• [pullquote align=”right” cite=”” link=”” color=”” class=”” size=””]Post-show dialogue is integral to meaning.[/pullquote]Outside the Lines knows its audience. Unlike most theaters, who care about the number of butts that are in their seats but have little interest in whether they are the right butts or whether their play is the right play for them, Doerrie carefully chooses and prepares his performances for a specific group of people who share certain experiences. To perform for soldiers, he chooses Philoctetes and Ajax; for doctors and caregivers working with end-of-life issues, he chooses Women of Trachis, editing the play to focus on Heracles, in enormous agony, begging his son to kill him; for prison workers, it is Prometheus Bound. The plays are carefully edited in order to maintain their focus and serve as springboards for carefully designed post-performance discussions.
  • The discussions are as important as the performances themselves. For most theaters, a “talk back” is a perfunctory add-on that focuses on the performance itself. Doerrie’s discussions are central to the event’s meaning. While speaking about deeply personal issues in a public setting can be very difficult for audience members, far more powerful is sharing those issues and realizing that you are not alone in your pain, that others not only sympathize with your feelings, but actually have gone through the exact same experiences and felt the exact same emotions. It takes advantage of the communal nature of the theater, instead of ignoring it. (For more on the importance of what Lynn Connor calls “Arts Talk,” see her important book Audience Engagement and the Role of Arts Talk in the Digital Era.)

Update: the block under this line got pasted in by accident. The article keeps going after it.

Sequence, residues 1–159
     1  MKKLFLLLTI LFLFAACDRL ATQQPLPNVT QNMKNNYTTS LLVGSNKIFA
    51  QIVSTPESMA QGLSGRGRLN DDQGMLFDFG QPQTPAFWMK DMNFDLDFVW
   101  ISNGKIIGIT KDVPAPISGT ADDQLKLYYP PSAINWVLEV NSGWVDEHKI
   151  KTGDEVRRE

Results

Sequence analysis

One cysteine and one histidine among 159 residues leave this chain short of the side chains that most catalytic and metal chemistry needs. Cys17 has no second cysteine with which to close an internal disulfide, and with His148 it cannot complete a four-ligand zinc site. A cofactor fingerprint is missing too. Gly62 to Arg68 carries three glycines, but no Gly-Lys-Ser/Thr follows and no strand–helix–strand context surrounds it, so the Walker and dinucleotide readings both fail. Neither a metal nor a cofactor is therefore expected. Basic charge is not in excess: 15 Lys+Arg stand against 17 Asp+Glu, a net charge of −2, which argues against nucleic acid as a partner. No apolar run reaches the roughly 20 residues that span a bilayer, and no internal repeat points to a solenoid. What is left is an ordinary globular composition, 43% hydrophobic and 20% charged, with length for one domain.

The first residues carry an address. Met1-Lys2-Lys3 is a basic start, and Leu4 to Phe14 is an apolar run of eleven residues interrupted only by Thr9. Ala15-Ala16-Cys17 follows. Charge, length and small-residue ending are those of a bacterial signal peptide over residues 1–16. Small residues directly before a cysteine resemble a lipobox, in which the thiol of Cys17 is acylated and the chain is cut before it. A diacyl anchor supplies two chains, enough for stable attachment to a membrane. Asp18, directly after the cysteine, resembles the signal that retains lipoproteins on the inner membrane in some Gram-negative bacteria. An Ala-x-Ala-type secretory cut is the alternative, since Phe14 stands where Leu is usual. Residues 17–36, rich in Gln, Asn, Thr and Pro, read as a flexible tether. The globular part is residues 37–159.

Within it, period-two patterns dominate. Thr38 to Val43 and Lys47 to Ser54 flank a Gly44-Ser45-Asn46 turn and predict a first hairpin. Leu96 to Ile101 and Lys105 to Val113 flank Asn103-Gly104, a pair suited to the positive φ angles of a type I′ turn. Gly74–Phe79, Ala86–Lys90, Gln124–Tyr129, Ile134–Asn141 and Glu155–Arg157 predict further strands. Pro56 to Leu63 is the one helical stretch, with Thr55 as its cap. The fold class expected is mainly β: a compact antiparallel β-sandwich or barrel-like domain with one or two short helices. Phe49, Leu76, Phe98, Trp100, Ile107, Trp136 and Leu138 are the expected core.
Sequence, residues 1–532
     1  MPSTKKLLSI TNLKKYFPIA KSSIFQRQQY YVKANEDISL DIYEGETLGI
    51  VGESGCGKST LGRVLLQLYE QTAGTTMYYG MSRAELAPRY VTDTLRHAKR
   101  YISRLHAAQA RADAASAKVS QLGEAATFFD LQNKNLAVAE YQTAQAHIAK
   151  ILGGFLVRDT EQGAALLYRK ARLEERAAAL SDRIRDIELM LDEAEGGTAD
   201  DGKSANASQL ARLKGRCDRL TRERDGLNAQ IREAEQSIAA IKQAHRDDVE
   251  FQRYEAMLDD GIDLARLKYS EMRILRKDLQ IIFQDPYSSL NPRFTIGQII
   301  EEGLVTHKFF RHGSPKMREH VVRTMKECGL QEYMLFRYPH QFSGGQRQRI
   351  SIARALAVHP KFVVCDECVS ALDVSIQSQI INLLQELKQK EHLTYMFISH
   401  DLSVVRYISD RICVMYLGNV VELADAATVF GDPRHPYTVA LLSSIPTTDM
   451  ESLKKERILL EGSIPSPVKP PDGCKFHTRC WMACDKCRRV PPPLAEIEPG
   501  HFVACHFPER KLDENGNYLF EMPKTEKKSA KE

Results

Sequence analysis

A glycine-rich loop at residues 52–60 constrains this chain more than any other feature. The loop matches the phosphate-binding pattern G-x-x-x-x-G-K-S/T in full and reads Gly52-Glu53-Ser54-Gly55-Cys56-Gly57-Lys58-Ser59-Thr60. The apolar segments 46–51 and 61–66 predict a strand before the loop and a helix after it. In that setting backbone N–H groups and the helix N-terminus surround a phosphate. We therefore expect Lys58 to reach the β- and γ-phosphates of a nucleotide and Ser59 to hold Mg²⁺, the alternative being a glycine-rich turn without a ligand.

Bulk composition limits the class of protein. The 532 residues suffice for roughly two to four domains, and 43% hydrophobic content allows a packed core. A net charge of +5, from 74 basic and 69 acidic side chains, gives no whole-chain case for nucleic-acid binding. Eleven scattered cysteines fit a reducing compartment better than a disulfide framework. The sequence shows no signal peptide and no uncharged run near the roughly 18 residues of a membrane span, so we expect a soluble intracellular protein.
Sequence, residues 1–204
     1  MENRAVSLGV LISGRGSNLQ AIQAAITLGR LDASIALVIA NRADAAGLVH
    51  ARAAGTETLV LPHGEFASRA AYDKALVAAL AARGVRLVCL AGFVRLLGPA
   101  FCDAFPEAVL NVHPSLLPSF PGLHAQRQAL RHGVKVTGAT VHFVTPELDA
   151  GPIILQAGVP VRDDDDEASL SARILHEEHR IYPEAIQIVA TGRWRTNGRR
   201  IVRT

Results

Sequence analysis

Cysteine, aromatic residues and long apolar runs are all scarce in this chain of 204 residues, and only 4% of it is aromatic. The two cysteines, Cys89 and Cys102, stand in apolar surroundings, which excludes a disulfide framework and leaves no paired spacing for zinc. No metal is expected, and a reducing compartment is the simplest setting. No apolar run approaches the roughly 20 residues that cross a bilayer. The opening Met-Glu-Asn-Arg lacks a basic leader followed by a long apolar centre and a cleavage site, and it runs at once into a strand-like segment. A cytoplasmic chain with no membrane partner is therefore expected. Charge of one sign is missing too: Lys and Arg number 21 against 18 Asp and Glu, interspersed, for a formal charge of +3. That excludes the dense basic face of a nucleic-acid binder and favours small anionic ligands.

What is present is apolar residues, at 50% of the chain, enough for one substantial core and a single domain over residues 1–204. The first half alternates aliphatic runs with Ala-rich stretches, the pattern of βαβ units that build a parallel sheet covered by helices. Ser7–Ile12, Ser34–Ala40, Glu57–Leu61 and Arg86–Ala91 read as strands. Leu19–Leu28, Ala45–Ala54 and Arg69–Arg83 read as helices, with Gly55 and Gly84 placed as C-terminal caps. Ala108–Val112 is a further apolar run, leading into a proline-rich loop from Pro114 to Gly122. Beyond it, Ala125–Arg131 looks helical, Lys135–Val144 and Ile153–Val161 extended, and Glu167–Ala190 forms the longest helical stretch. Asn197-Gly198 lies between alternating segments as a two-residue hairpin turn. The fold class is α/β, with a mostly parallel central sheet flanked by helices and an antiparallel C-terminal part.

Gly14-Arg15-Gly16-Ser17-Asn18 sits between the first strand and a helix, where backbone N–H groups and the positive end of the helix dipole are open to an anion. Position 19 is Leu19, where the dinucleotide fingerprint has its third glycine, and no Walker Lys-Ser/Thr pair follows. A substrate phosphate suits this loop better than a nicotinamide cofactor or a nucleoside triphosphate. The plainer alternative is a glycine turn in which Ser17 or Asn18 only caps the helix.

• All That You've Seen Here Is GodThe business model is sustainable. Outside the Lines doesn’t do fully-realized productions of complete plays, but rather they do edited versions performed by a small group of actors who perform while sitting behind a table. This makes the performances extremely portable — Outside the Lines performs across the country in many different types of venues — and inexpensive to mount. Doerrie himself has a background not only in theater but in classics and ancient languages, and so does his own edited translations of Sophocles’ works, which have been published as All That You’ve Seen Here is God: New Versions of Four Greek Tragedies: Sophocles’ Ajax, Philoctetes and Women of Trachis and Aeschylus’ Prometheus Bound. In other words, the company has a resident playwright, and production values that both focus the play on what is central and don’t break the bank.

Perhaps more important, at least to me, is that Outside the Lines restores the moral and ethical purpose to the theater. It isn’t a commodity, but a way to address what is deepest and most important about being a human being. To listen to Doerries talk in the video below is to hear someone who knows that theater isn’t just a way of killing a few hours, but a way of enriching one’s life, of healing one’s soul.

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The art of theater is a cathedral, and we have turned it into a Chuck E Cheese.

[pullquote align=”right” cite=”” link=”” color=”” class=”” size=””]Theater was a cathedral; we’ve made it a Chuck E Cheese.[/pullquote]We argue over whether Bette Midler is too old to be in Hello, Dolly! and fail to discuss whether Hello, Dolly! is a worthwhile way to use the resources available to this medium. We have abrogated our responsibility as artists, turning an art form as deep as the ocean into the artistic equivalent of child’s plastic pool.

Doerries’ Theater of War ought to remind us about what a privilege it is to create theater, and with that privilege comes the responsibility to use our talents to do the greatest good, not simply to sell the most tickets.

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If you want to read more about Theater of War, there are links to articles here. There is also a two-part Didiskalia interview: Part 1 and Part 2.